This monthly theme idea just keeps producing better and better results, I couldn’t be happier with the way Noirvember has unfolded so far. The latest in a series of surprisingly terrific films is Edmund Goulding’s Nightmare Alley, a noir much different from what we’ve taken a look at this month. Goulding is probably best known for directing Bette Davis in 1939’s excellent Dark Victory and the so-so Best Picture winner Grand Hotel in 1932. Nightmare Alley came towards the end of Goulding’s directing career, and has proven to be one of his most acclaimed and memorable films in the years since his death. The film stars swashbuckling Hollywood heartthrob Tyrone Power as Stan Carlisle, the charming noir regular Coleen Gray as Molly Carlisle, and the terrific and prolific Joan Blondell as Zeena. Reviews of the time were initially mixed, but Nightmare Alley has slowly but surely earned the reputation as one of the best film noirs of its time, and an incredibly dark and morally ambiguous one at that. Due to this moral ambiguity Nightmare Alley wasn’t exactly a success after its release, and probably ended up costing 20th Century Fox more money than it worth to the studio. The film has a notable cast, an Academy Award winning director, and a big budget, so why was it considered a failure for so many years?
Nightmare Alley follows Stan Carlisle (the aforementioned Tyrone Power) as a seedy carnival con man trying to claw his way to the top of his travelling circus. Our main character soon finds himself wrapped up in a love affair with his new boss Zeena (Joan Blondell), but his intentions are far from innocent. Zeena reveals to Stan that she and her husband were once a major act in the travelling carnival world. She tells him the two developed a code that would allow the couple to communicate, yet remain undetected by the audience. Zeena would feign mental powers, and her husband Pete (Ian Keith) would ask her questions written by the audience. Upon hearing of this famous “code” Stan begs Zeena to go into business with him, and after an accident involving her husband she decides to go ahead with the plan. Unfortunately for Zeena, Stan likes ‘em young. He soon sets his sights on the talented Molly (Coleen Gray). Molly is a beautiful young act who falls head over heels for our main character before she even knows it. Stan soon begins yet another affair with young Molly, and are both forced to leave when the two are found out by the other members of the carnival. With knowledge of the famed code Carlisle and his new lady now have the world in the palm of their hands. Will the two prosper with their newfound fame and talents, or will Stan’s seediness and criminal history catch up to him? Find out by watching Edmund Goulding’s excellent Nightmare Alley; I promise you it’s absolutely worth your time.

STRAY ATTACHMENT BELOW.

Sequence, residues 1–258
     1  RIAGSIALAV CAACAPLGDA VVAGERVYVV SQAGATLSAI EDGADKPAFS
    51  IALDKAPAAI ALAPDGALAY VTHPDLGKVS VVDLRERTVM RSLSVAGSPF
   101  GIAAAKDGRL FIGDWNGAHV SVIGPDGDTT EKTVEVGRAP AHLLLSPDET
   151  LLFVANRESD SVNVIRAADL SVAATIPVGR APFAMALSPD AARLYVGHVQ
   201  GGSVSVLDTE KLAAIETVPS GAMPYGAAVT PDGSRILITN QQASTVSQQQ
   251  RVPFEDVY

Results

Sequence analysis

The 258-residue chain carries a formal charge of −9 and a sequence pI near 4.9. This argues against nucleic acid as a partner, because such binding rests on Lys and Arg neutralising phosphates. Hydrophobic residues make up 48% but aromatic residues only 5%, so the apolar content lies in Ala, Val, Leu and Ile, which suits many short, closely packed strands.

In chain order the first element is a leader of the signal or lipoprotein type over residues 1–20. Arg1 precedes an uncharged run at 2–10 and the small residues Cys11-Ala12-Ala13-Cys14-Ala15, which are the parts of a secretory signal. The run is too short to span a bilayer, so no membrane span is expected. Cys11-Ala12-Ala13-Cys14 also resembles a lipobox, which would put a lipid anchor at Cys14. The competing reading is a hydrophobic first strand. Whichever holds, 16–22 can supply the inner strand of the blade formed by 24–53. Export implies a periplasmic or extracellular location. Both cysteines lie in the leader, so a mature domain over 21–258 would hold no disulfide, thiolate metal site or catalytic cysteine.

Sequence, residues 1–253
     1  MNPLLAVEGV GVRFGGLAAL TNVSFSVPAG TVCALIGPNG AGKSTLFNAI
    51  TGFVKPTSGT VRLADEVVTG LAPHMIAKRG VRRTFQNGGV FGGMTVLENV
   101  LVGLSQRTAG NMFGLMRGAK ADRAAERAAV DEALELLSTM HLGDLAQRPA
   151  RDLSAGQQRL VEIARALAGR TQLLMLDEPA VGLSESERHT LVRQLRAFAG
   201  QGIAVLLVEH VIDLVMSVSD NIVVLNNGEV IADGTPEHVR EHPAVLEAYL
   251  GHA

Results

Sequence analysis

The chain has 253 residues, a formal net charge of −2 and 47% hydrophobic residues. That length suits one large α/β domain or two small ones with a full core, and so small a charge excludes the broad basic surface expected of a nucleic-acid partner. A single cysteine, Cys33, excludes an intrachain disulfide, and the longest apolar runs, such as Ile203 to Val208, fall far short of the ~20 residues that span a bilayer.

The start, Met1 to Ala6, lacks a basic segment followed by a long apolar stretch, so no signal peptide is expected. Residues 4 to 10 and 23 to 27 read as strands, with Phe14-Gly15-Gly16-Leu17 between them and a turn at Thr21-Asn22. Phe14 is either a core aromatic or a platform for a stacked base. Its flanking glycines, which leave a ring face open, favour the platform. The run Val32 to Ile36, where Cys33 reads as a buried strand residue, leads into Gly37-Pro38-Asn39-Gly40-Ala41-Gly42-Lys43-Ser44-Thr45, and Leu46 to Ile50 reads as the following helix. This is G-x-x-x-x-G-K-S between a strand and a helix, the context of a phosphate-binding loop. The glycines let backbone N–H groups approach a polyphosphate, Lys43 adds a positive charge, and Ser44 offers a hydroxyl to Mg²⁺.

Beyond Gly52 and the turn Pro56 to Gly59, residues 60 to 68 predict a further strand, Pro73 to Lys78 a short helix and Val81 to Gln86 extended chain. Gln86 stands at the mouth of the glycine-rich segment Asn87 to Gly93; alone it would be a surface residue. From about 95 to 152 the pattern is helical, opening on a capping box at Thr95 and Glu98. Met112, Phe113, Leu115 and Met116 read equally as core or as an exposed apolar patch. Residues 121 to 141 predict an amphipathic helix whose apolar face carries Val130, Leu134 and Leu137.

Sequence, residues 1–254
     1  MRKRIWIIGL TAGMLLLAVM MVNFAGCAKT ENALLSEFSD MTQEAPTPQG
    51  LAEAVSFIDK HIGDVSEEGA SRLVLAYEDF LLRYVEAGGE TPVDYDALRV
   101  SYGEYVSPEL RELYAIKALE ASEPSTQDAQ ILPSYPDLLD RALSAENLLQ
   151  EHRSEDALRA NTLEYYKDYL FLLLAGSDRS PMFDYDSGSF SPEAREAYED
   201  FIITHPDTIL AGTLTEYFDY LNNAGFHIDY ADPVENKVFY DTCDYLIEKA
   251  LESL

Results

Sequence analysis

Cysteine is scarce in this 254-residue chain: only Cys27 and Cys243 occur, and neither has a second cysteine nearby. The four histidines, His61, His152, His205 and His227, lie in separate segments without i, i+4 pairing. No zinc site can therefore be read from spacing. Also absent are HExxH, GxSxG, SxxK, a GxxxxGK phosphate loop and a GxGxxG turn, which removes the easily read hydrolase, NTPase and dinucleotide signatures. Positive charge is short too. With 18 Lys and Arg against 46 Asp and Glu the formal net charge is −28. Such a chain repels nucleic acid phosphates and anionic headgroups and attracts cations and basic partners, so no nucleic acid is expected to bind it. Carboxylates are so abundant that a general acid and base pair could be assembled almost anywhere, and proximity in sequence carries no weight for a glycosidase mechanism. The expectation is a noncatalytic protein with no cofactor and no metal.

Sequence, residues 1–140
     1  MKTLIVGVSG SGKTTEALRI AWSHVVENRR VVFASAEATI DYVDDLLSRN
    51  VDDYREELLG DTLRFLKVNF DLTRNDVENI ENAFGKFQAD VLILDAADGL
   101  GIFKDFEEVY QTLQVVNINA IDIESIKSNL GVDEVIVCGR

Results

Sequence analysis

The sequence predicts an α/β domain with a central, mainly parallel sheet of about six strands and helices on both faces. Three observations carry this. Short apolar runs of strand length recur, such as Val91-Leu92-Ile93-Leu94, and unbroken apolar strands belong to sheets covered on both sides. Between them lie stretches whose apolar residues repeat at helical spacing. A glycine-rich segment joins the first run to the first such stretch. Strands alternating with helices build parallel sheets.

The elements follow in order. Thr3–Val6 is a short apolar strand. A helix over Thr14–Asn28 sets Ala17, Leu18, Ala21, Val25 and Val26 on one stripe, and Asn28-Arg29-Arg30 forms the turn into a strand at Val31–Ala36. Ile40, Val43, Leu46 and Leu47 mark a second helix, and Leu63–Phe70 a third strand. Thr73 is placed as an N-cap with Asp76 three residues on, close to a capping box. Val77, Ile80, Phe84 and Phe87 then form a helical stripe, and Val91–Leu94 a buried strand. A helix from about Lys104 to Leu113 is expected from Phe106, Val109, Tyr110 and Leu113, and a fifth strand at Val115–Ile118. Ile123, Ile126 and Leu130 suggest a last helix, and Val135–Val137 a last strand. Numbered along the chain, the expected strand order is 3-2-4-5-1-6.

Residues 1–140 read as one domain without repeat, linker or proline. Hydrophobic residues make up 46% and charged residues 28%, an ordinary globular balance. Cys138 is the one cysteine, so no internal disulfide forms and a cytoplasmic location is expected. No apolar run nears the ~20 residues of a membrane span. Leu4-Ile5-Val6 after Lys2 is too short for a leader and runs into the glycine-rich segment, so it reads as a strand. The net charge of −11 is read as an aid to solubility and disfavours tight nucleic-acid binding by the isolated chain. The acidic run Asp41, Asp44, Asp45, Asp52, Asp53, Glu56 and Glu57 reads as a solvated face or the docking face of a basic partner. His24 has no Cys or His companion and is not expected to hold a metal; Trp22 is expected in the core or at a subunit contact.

I wasn’t initially sure what to think when Nightmare Alley began unravelling, but the film slowly ramps up tension and builds the world and characters involved in it. The film starts to truly shine once these elements of the film are established, and I can absolutely say that I adored it because of them. All of our main characters are incredibly fun to watch because of how morally confused many of them are, and because of how real they feel for the time. Tyrone Power’s turn as Stan Carlisle is absolutely one of my favorite film noir performances to date, and the supporting cast of incredibly talented actresses like Joan Blondell, Coleen Gray, and Helen Walker only helps to solidify the film’s greatness. The carnival setting is truly unique in the film noir world, and is a place where Hollywood rarely dared to venture at the time. The carnival acts and personalities are all believable, and much of the goings on inside make the film feel seedy and dark as it should. Nightmare Alley doesn’t adhere to typical film noir conventions and easy storytelling elements, but instead opts to blaze its own thrilling and dramatic trail. I found myself wishing that more films in the genre were this unique and easy to follow, and hope that I come across more on my month-long journey through noir.
The acting, setting, storytelling, and direction make Nightmare Alley an absolute treat from start to finish, and has me guessing character motivations as well as constantly changing favorites. It’s a noir the likes of which I’ve rarely seen before, and I highly recommend everybody check it out. I don’t want to reveal too much about the twists and turns taken throughout, and I really hope you all decide to seek it out because of that. It’s dark, challenging, and still feels relevant nearly seventy years later. Edmund Goulding’s Nightmare Alley gets my highest recommendation.